A monologue from the play by Aeschylus

  • NOTE: This monologue is reprinted from The Dramas of Aeschylus. Trans. Anna Swanwick. London: George Bell and Sons, 1907.
  • ETEOCLES: Burghers of Cadmos, timely words beseem
    Him at the stern who guards the city's weal,
    Guiding the helm with lids unsoothed by sleep;
    For, if we prosper, God alone is praised,
    But if, which Heaven forfend, mischance befall,
    One man, Eteocles, through all the town,
    In noiseful rhymes and wailings manifold
    Would by the folk be chanted; which may Zeus,
    True to his sacred name, Averter, turn
    From our Cadmeian city; you meanwhile
    It now behoveth--him alike who fails
    Of youth's fair prime, and him whose bloom is past,
    Yet nursing still his body's stalwart strength,
    And each one grown to manhood, as befits--
    The State to aid and shrines of native gods,
    That ne'er their homes be erased; to aid
    Your children too, and this your mother earth,
    Beloved nurse, who, while your childish limbs
    Crept on her friendly plain, all nurture-toil
    Full kindly entertained, and fostered you
    Her denizens to be, in strait like this
    Shield-bearing champions, trusty in her cause.
    And so far, to the present day, in sooth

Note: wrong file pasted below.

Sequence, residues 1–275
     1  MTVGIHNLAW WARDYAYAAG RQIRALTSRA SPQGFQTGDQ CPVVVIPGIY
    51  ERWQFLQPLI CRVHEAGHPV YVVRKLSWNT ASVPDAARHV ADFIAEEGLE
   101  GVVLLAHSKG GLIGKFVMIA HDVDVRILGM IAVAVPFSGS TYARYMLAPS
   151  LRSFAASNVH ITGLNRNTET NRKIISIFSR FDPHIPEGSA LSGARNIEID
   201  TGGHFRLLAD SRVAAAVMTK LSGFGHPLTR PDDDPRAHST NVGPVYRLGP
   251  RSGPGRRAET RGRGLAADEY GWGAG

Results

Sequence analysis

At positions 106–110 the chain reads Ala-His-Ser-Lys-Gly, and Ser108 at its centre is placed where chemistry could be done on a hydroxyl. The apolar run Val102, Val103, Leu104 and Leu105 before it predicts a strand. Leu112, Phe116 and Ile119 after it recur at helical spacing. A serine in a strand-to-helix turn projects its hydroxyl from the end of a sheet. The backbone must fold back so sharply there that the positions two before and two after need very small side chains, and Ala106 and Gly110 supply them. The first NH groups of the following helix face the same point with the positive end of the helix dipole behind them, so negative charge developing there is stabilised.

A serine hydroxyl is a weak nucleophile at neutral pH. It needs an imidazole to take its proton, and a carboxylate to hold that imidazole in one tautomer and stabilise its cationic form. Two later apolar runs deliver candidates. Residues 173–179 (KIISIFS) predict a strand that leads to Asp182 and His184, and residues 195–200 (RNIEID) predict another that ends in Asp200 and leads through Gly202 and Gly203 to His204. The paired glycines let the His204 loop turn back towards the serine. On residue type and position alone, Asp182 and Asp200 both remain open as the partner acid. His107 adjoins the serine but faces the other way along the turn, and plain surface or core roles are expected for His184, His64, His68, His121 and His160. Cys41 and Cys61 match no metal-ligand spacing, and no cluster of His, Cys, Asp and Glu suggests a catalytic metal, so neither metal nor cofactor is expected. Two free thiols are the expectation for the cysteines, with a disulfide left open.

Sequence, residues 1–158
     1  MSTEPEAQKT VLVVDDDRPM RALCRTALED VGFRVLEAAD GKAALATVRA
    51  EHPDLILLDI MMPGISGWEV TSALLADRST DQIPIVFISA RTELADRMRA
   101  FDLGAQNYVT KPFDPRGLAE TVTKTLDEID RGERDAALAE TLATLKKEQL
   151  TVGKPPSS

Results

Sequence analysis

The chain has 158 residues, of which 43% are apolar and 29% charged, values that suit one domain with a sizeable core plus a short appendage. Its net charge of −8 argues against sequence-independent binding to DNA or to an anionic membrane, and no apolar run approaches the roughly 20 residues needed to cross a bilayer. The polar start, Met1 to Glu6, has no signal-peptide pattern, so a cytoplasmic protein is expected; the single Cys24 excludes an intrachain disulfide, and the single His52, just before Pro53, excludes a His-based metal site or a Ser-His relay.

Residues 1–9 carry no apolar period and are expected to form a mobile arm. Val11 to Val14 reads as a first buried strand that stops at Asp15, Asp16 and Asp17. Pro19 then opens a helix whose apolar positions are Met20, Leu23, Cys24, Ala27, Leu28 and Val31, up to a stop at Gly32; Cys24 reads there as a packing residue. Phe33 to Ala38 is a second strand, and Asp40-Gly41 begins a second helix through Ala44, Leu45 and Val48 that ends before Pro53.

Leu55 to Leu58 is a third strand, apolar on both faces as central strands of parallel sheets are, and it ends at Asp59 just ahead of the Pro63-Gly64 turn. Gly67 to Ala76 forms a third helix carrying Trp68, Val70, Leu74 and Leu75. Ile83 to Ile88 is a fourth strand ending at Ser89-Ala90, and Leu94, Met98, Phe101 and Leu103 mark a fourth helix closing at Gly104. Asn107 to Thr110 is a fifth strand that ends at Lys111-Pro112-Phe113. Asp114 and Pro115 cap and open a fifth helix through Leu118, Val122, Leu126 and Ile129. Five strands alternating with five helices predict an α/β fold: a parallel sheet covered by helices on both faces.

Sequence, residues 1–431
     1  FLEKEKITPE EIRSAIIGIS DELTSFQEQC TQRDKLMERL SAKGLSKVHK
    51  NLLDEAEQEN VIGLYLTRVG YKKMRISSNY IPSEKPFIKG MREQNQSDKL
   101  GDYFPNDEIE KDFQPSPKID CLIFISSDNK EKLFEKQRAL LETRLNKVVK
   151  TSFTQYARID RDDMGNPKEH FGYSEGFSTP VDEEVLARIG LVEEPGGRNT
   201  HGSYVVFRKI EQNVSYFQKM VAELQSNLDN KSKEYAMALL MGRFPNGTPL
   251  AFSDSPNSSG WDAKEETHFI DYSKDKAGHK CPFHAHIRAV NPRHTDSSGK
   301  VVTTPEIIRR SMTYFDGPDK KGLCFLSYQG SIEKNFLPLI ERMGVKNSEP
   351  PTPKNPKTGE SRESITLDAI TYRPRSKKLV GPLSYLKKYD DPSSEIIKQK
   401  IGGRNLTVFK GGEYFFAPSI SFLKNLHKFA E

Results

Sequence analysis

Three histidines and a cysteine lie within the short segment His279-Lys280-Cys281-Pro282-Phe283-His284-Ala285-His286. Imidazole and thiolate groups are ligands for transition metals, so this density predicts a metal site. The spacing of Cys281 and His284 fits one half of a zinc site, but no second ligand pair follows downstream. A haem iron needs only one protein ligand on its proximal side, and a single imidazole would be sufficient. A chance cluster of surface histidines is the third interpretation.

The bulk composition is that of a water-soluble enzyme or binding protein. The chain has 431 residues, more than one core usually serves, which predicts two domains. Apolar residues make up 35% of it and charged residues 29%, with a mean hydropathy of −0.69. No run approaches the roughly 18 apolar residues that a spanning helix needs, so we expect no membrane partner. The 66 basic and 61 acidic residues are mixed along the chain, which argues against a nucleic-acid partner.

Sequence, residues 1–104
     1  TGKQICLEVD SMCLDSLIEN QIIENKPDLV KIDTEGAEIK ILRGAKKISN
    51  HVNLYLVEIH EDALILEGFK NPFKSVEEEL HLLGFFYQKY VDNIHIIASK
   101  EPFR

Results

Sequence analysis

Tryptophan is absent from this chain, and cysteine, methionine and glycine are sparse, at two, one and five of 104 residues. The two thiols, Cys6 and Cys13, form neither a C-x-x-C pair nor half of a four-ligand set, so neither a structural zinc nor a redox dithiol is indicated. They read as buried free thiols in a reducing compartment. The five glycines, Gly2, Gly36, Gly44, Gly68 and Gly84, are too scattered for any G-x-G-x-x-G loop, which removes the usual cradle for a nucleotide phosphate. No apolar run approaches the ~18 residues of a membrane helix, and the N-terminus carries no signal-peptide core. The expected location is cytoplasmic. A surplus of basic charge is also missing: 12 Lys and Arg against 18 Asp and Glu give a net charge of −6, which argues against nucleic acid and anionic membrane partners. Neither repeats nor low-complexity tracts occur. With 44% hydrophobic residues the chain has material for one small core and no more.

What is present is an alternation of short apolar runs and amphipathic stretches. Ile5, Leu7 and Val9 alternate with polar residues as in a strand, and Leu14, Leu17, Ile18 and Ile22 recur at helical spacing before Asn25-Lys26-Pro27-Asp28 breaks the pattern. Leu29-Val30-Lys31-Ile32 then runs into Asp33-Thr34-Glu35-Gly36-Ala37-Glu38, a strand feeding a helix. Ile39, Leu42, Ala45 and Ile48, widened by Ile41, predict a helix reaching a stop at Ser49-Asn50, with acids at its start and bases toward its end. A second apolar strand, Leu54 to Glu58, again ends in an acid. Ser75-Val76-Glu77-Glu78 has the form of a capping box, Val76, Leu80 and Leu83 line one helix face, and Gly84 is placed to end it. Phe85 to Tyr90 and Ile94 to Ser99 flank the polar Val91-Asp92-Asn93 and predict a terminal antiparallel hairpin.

God in our favour hath inclined the scale;
    For unto us, so long beleaguered here,
    War prospers in the main, through heaven's high will;--
    But now, so speaks the seer, augur divine,
    Without fire omens, but in ear and mind
    Marking, with faultless skill, presageful birds,--
    He, lord of these divining arts, declares
    That the prime onset of the Achaian host,
    Night-plotted, threatens even now the town;
    Haste, to the turrets then and bastion-gates
    Rush in full panoply;--the breastwork throng,
    Take station on the platforms of the towers,
    And, biding at the outlets of the ports,
    Be of good courage, nor this alien swarm
    Dread over-much; God will rule all for good.
    Myself have scouts sent forth and army spies,
    Who, as I trust, no bootless journey make;
    And having heard their tidings, in no wise
    Shall I by guileful stratagem be caught.